The European Central Bank (ECB) announced a new programme to support the eurozone on Thursday of last week. ECB president Mario Draghi declared, “The euro is irreversible”.
The Financial Times wrote, “Investors are over the moon”. Greece’s highest circulation newspaper printed a cartoon of Draghi as Superman with the headline “the euro is flying”. The secretary of the OECD, which represents a host of leading industrial nations, added, “This is your bazooka.”
We have seen similar claims before over the last three years—yet no previous “bazooka” was able to stop the crisis. So what are the prospects this time?
Under the new Outright Monetary Transactions (OMT) plan the ECB will intervene in bond markets to buy short term debt issued by member states. But to get the bailouts states must enter into a memorandum of agreement that imposes austerity.
The plan is not of much use to poorer states like Greece. They are eligible as they have already signed memorandums. But Greece is not able to return to the markets for new loans.
OMT is effectively a plan for Spain and Italy. But both these governments find it politically difficult to sign a memorandum that will demote them to the status of Greece.
At the moment OMT acts as a future promise that borrowing costs will not escalate out of control. As long as the markets believe this promise, Draghi is buying time for all eurozone governments.
And yet even this is causing divisions. Germany’s central bank opposes OMT. It fears that the ECB will be forced to print money to meet its promises and that this will lead to inflation.
Draghi believes that there will be no need to print more euros, as the ECB already has 800 billion euros worth of deposits from European banks.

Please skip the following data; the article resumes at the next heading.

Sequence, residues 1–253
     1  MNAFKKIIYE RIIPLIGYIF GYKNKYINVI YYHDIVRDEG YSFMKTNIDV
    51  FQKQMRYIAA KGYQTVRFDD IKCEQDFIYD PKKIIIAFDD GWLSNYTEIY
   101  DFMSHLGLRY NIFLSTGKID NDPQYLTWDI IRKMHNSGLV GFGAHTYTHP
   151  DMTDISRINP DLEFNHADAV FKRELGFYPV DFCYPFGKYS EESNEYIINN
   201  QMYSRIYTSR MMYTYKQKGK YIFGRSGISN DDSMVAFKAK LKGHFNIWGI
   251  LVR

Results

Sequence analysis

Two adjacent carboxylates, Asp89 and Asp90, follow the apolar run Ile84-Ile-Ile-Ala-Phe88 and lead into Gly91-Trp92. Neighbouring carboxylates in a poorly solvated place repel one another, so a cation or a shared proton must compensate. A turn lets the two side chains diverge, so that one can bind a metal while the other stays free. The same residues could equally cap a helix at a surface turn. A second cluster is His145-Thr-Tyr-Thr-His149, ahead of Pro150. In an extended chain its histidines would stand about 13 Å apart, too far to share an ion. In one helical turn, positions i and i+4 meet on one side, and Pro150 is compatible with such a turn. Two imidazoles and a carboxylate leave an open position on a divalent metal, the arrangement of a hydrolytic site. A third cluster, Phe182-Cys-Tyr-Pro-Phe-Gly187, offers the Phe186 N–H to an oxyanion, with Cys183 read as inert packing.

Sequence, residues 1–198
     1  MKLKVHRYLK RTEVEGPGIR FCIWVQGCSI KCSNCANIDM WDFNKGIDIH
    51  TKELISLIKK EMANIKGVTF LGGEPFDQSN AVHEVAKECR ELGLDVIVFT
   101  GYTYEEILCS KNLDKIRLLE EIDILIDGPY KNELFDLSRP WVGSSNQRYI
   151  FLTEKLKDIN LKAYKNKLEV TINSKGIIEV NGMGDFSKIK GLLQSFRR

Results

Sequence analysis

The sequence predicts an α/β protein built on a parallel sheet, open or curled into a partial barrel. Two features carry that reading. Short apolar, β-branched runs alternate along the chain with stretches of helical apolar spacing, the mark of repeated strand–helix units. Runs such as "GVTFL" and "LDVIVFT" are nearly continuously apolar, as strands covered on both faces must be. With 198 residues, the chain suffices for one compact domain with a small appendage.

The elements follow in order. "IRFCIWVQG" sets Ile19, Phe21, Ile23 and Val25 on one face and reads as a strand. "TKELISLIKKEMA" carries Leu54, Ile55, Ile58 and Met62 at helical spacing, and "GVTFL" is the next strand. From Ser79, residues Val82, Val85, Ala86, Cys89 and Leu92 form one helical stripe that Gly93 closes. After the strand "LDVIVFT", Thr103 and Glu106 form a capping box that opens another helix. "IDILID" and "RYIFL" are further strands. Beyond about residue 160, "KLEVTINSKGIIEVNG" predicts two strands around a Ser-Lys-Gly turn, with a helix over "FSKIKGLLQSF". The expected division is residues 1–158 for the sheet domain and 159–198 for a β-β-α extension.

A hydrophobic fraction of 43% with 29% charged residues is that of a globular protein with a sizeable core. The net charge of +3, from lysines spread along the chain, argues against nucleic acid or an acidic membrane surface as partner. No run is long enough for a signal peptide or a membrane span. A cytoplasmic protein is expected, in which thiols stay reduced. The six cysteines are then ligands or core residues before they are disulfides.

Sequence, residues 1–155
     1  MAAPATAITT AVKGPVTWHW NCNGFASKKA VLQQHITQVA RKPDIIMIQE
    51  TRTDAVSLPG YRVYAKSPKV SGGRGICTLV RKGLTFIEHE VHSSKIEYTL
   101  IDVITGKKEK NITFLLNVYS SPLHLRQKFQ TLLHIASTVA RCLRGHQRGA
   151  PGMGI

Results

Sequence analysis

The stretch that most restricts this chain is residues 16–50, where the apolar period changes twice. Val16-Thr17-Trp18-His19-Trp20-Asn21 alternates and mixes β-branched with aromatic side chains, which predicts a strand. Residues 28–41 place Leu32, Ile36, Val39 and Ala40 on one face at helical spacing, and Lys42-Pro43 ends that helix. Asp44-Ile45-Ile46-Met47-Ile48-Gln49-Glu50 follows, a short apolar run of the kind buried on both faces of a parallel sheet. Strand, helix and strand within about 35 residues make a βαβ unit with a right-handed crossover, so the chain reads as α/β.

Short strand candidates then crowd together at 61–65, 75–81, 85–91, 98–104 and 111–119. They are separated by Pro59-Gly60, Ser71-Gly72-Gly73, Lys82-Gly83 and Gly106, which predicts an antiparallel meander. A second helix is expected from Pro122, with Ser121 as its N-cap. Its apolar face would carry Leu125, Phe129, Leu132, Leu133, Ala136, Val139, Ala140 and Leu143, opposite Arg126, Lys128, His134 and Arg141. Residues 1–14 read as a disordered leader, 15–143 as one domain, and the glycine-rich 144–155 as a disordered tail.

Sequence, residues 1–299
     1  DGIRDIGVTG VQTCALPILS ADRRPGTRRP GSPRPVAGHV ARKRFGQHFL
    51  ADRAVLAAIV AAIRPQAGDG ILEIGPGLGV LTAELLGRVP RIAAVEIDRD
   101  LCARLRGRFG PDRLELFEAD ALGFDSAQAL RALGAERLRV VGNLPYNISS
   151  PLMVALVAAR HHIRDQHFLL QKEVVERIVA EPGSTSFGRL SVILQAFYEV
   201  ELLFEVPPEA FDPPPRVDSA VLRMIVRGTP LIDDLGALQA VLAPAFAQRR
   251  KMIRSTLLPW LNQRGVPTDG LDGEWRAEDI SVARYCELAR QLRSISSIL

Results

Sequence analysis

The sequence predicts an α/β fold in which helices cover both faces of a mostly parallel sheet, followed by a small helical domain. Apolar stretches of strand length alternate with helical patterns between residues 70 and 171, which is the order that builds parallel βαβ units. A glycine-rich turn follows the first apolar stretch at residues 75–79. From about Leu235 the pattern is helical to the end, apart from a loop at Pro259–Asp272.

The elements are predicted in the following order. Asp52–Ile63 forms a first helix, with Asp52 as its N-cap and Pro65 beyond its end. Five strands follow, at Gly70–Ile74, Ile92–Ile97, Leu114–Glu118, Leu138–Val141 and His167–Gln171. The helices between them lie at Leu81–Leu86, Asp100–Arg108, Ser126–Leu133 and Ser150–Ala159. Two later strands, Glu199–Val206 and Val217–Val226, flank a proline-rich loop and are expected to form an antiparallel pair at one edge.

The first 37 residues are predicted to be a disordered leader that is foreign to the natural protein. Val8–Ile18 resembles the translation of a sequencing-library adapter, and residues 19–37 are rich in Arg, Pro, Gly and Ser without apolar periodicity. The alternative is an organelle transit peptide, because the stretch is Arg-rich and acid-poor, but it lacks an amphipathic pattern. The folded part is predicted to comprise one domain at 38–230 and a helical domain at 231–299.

But this in itself points to further problems. At the beginning of this year the previous ECB initiative was Long Term Refinancing. Draghi allowed European banks to borrow money from the ECB at very low interest rates for up to three years.
One trillion euros was borrowed, giving ample funds to buy Spanish and Italian bonds without driving up the borrowing costs. But the banks didn’t buy.
Instead, the funds were parked as deposits at the ECB while Spanish and Italian interest rates climbed steeply. This is a vicious circle. And each new ECB plan hardwires ever more vicious austerity across the eurozone.
Stock markets may be cheering for Draghi, but European workers are preparing for mobilisations against cuts.
A speaker from the Italian trade union federation CGIL addressed a mass demonstration in the Greek city of Salonica last Saturday.
He said, “On 15 September unions will demonstrate in Madrid, on 28 September in Rome, on 29 September around Germany and on 20 October in London.”
The Salonica anti-austerity demonstration was a great success. Tens of thousands took the streets with a clear message—we will strike and demonstrate to stop cuts ruining our pensions, schools and hospitals.
The protest also had an anti-fascist edge. People are outraged that recent polls show support for the fascist Golden Dawn rising to almost 10 percent.
All three parties in the governing coalition are losing support. So they resort to openly racist campaigns against immigrants that help the fascists grow.
As the coalition partners decline the anti-austerity left is gaining ground. The radical left Syriza is overtaking the coalition Tories. The Communist Party is ahead of the coalition Democratic Left.
Antarsya, the organisation to which we belong, also has more support than in the June election. We will fight to bring the coalition down and we will not let Golden Dawn threaten the advance of the left.
Panos Garganas is editor of Workers Solidarity, Socialist Worker’s sister paper in Greece